With police officers surrounding the parish, Nicaraguan Catholics celebrated this Friday San Jeronimo, the patron saint of the southern city of Masaya, without taking to the streets due to the ban on religious processions in the country.
“We are quite dismayed, but we have to be patient, God willing next year we will go out” with the saint to the streets, said to AFP the devout Harold Muñoz, who came with his family to pray for the health of his daughter who had ganglions removed from her neck.
San Jerónimo, considered the saint who heals the sick, was honored this year with a mass, dances and religious songs inside the church that bears his name in Masaya, 30 km south of Managua, after the police informed on September 19 that religious processions would not be allowed in this city for reasons of “public safety”.
According to complaints made on social networks, the ban was extended to other cities, amid growing tensions between the government of Daniel Ortega and the Catholic Church since the protests that called for the resignation of the president in 2018.
That year, several temples gave refuge to protesters injured or fleeing repression.
Ortega, who has attributed the protests to an alleged failed coup by the opposition, in which he alleges the bishops also participated, lashed out on Monday against the Catholic Church, which he accused of being a “coup plotter” and of being a “perfect dictatorship” with no authority to speak of “democracy.”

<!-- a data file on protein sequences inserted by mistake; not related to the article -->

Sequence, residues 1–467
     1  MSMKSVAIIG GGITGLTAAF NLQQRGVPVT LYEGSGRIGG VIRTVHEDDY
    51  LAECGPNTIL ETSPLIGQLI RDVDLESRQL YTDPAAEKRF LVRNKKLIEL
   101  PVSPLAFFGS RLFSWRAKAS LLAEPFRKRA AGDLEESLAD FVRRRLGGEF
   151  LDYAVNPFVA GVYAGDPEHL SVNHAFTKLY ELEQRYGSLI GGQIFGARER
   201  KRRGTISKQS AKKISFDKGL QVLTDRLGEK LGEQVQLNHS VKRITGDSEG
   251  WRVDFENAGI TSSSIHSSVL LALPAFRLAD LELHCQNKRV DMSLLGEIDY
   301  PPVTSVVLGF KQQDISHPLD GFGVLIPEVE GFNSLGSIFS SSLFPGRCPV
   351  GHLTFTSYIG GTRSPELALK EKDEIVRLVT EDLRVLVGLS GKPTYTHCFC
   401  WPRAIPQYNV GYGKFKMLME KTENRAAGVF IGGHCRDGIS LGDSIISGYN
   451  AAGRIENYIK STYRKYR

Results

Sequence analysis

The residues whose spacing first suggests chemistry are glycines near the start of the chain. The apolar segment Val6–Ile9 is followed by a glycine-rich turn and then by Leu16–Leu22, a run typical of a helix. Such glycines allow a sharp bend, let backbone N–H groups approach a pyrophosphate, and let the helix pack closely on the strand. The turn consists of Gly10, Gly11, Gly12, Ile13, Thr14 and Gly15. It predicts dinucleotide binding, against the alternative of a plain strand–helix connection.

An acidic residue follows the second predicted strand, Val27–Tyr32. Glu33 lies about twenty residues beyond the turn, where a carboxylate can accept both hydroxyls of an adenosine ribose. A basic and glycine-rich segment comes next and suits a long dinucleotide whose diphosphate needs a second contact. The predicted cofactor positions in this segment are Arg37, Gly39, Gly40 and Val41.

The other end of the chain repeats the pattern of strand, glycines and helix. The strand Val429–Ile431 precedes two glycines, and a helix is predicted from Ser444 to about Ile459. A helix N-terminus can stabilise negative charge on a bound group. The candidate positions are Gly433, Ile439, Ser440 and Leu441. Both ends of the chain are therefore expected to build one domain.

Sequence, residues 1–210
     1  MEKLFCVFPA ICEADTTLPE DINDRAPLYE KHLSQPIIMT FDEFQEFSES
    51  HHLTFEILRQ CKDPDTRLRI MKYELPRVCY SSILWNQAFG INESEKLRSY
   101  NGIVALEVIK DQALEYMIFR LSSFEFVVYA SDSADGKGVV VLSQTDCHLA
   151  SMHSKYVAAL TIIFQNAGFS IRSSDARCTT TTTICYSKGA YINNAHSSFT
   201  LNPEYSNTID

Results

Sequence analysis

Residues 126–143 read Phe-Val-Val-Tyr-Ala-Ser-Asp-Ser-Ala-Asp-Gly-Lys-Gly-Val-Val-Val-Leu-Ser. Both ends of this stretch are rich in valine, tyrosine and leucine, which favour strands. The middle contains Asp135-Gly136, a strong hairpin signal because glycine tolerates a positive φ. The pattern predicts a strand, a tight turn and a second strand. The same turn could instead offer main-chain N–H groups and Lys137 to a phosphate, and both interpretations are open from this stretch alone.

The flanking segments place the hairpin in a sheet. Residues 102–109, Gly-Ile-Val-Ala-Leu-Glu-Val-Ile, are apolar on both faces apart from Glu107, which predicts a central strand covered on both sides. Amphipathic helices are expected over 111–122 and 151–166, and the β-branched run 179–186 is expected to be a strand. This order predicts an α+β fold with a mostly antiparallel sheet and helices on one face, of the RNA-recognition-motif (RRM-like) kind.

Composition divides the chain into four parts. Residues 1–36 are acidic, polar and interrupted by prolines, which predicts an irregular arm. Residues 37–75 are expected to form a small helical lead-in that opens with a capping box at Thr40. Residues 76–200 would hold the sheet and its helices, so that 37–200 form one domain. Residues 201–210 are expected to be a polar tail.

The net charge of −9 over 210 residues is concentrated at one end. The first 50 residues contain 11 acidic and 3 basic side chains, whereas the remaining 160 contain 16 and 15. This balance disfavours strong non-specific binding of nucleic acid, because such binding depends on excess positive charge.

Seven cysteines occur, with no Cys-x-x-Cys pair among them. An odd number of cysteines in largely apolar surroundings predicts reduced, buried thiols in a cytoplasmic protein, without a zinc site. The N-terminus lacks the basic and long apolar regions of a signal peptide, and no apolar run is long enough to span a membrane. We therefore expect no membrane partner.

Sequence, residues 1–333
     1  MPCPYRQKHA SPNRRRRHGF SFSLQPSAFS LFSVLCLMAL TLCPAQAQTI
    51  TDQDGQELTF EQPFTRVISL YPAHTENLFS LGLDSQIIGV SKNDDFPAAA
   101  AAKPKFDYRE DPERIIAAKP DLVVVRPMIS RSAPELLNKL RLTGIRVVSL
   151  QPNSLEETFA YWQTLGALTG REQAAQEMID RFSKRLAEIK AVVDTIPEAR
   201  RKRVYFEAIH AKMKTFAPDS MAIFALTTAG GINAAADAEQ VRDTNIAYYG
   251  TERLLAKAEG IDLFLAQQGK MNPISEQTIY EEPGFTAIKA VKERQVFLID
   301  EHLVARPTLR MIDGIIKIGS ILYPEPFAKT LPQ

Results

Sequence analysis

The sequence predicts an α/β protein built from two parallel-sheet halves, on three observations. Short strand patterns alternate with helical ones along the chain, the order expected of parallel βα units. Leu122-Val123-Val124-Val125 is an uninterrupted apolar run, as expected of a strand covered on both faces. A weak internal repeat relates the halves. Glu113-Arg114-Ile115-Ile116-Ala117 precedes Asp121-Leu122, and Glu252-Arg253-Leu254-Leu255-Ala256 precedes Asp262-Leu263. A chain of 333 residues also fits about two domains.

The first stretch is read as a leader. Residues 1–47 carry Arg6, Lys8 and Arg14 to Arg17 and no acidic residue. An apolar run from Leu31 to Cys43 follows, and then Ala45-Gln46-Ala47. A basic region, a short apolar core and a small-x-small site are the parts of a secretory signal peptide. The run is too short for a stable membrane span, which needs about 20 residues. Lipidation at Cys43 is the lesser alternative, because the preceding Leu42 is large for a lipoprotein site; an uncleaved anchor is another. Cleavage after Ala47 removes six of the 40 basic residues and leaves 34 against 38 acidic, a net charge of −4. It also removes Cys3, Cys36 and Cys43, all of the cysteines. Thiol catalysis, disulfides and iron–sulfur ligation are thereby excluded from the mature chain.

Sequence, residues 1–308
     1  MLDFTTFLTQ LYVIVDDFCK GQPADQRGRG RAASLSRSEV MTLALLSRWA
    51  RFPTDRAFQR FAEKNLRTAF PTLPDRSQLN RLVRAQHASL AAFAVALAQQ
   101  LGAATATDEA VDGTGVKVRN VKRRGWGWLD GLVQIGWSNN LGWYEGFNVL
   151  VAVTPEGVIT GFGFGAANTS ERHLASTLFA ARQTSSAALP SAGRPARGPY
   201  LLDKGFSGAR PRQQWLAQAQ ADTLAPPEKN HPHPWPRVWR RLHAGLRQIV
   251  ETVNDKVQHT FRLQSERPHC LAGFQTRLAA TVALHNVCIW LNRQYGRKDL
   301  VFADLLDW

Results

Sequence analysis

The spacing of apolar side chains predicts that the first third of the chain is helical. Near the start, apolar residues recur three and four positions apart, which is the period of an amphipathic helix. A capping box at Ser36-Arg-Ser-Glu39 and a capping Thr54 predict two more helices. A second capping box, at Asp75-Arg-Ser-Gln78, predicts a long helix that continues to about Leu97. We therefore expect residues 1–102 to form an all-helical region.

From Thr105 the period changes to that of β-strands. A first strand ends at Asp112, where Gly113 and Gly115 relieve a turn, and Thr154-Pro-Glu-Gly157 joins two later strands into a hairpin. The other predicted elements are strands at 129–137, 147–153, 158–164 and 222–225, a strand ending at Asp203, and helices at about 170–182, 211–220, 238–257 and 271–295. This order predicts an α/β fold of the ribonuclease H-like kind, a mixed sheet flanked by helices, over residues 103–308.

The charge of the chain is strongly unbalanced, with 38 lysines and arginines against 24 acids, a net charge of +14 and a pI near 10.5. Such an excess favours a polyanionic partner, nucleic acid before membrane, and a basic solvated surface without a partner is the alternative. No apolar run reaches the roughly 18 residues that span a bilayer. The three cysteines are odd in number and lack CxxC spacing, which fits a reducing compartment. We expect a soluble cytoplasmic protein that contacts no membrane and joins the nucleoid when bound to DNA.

The tensions were expressed this Friday with the numerous police presence observed by AFP around the San Jeronimo church, as officers placed checkpoints with their patrols in the adjacent blocks to prevent the passage of vehicles and bicycles.
Many Catholics, who on these dates usually celebrate their patron saint with much jubilation, this time limited themselves to watching their saint from afar, and others went inside to attend mass and pay their promises by lighting candles in front of the image.
St. Jerónimo “has interceded for us, especially for Nicaragua”, that is why “we come to dance, to sing, to praise God for the love of Jesus Christ”, said Martha Suárez.
At least seven religious have been detained by police since August, among them Bishop Rolando Alvarez of the northern department of Matagalpa, a government critic, who remains under house arrest.
The bishop is under investigation for inciting “hatred” to destabilize the country.